Bishkek could either be called a big town or a small metropolis. With around 0.7 million inhabitants (equal to Amsterdam), newcomers are bound to notice a popular culture concentrated in the compact city centre which offers everything multi-million cities have as well: restaurants from basic to haute cuisine many of which are open around the clock, shopping centres offering merchandise varying from plain to up-market, bars and clubs for young and old, theatres, concert halls and museums for the cultural lot. In all, for all, Bishkek has it all.

How to get around

Most of Bishkek’s attractions are centred within a limited and walkable area, between Manas (formerly Mira) Avenue to the west, Moskovskaya Street to the south, Gogolya Street to the east, and Zhibek Zhol (Silk Route) Avenue to the north. Within this range, Chuy Avenue (named after the river that flow alongside Bishkek) former Sovietskaya (nov Baytik Baatyr) Street which crosses it where the city post office is, and Kievskaya Street which runs parallel on its southern side, and Ala-Too Square together make up for the pounding heart if Bishkek.

Eating and drinking

A typical Kyrgyz meal will feature starchy foods like bread, rice, and potatoes, usually centred of the more popular staples are plov, a Central Asian dish consisting of a bed of rice cooked in oil, topped with lamb or mutton, shredded carrots, and occasionally whole garlic cloves. Shashlyk, a marinated and grilled lamb, mutton or beef kebab, is popular all over the former Soviet Union and is typically eaten with bread, raw onion slices, a voluminous amount of vodka. Samsas, much like the Indian samosa, are available at roadside stands across the city. Usually these are cooked in a tandoor oven as a puff-baked pastry and filled with onions, mutton and mutton fat. As for beverages, one can choose between the traditional Central-Asian kumiss (fermented mare milk), the inevitable vodka and “cognac” (brandy) – apart from European wines which most restaurants and bars serve, although the price often fails to justify the quality.

Uppity shopping

Bishkek has a number of new shopping malls scattered over the city centre – most of which are rather up-market. One of them is called Bishkek Park, on the corner of Kievska and Manas Streets, a brand new shopping center which makes you feel in a European capital. Bowling tracks and a nice skating ring available plus all sorts of mainstream brends and products. The pace is a popular hang out of internationals and local high class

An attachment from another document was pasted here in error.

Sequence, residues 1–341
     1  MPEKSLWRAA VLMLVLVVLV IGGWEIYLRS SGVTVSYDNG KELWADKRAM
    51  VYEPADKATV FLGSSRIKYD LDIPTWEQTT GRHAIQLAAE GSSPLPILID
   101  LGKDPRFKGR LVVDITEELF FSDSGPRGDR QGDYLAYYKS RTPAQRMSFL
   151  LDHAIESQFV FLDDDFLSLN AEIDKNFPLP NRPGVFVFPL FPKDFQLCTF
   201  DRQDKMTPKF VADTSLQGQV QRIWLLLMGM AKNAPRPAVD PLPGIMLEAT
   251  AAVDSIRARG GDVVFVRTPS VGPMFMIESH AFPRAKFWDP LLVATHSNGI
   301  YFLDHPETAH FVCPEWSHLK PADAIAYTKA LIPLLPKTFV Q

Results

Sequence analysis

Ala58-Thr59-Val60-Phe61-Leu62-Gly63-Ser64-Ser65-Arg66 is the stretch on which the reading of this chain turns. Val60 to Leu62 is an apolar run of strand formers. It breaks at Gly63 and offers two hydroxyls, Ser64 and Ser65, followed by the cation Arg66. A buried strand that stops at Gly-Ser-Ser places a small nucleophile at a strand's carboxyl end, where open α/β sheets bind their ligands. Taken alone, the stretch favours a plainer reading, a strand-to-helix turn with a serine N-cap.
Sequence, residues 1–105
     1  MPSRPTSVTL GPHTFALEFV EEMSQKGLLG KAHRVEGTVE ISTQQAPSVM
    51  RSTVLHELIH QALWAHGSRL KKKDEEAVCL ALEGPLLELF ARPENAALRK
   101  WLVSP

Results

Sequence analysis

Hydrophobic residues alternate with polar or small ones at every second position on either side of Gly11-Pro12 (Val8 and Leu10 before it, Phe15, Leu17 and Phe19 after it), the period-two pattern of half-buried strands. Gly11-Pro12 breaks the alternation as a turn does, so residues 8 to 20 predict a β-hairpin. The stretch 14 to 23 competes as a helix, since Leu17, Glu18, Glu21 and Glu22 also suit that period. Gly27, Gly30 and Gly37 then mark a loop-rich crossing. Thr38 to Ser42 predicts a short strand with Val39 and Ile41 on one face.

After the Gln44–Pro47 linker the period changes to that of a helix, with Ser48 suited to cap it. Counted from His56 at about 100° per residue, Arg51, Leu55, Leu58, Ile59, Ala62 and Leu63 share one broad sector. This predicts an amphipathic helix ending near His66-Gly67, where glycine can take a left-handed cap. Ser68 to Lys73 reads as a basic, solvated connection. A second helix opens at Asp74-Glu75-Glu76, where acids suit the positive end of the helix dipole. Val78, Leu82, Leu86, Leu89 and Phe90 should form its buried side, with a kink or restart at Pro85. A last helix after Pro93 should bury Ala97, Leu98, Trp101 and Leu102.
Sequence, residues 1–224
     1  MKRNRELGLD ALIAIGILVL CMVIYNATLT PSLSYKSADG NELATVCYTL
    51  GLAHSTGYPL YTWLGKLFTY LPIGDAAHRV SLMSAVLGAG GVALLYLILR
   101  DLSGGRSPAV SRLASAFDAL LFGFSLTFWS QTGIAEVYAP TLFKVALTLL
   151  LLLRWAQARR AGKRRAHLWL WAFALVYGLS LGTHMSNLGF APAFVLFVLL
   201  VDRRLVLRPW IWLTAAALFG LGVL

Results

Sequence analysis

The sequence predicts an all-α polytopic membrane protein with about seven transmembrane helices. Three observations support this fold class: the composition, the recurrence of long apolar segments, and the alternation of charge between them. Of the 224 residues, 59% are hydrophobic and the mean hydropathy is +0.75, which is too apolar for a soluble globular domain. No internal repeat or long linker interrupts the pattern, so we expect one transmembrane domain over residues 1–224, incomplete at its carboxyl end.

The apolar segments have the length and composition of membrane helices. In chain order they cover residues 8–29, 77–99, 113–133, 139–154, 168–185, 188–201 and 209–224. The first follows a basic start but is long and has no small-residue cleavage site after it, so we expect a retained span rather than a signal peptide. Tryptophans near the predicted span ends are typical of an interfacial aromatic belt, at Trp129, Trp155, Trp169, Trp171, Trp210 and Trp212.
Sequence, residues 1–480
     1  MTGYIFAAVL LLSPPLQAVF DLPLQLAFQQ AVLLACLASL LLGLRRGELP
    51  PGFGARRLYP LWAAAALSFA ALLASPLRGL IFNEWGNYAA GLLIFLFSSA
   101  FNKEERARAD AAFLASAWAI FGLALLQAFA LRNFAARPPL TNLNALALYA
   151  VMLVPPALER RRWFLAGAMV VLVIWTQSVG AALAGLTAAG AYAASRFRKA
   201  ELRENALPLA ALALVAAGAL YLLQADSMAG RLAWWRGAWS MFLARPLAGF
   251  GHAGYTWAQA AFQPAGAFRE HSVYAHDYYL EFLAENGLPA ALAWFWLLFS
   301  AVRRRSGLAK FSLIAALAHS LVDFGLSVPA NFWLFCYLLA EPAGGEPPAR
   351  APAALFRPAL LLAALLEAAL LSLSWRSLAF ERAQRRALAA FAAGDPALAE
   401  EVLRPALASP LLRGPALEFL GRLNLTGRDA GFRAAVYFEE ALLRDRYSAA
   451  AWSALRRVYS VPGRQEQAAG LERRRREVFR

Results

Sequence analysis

The central department store is called Tsum, having kept its Soviet name, and offers a wide variety of merchandise affordable for most westerners and Kyrgyz elite. A cheaper place to buy household needs is in the basement, The Tsum harbours boutiques, souvenir and artifact stores, computer and household equipment stores and, on the ground floor, the indispensable cellphone and related gadget shops. It is also the best place to get a local simcard which renders local telephone calls extremely economical. Many shopkeepers and staff of cellphone service centres can communicate in English.

“Vernacular” shopping

For those who are fascinated by oriental life, from Morocco to China, the obvious place to go is the popular bazaar. For the less adventurous, , there is a flee market right behind the Tsum, prices of which, however, are on the upper side. If you want to fit in with the locals, be sure to get one of the stylish Kyrgyz felt hats (kalpaks) worn mainly by men. You can also get textiles such as traditional patterned carpets (shyrdaks), which are well-made but can be expensive.
On the outskirts of Bishkek, on a detour from the road that leads to the border with Kazakhstan, ther is the Dordoi Bazaar, which offers local, Indian and Chinese clothes, perfumes, food and spices, apart from tools, equipment and what else one may need to keep one’s household running, as well as Soviet-style military clothing (for mountain trekkers the jackets and the boots should be of interest). Beware, though: many want your money to sell their merchandise while at the back pickpockets just want to take it from you…
The same is true for the Osh Bazaar downtown Bishkek. Here, mainly local goods are found including “antiques” meaning souvenirs of varying origin, as well as Soviet-style military clothing (for mountain trekkers the jackets and the boots should be of interest). Other bazaars worth a visit include those of Ortosay in the south of Bishkek, Madina on the eastern outskirts and that of Alamedin further to the east on the motorway that leads to Issik-Kul.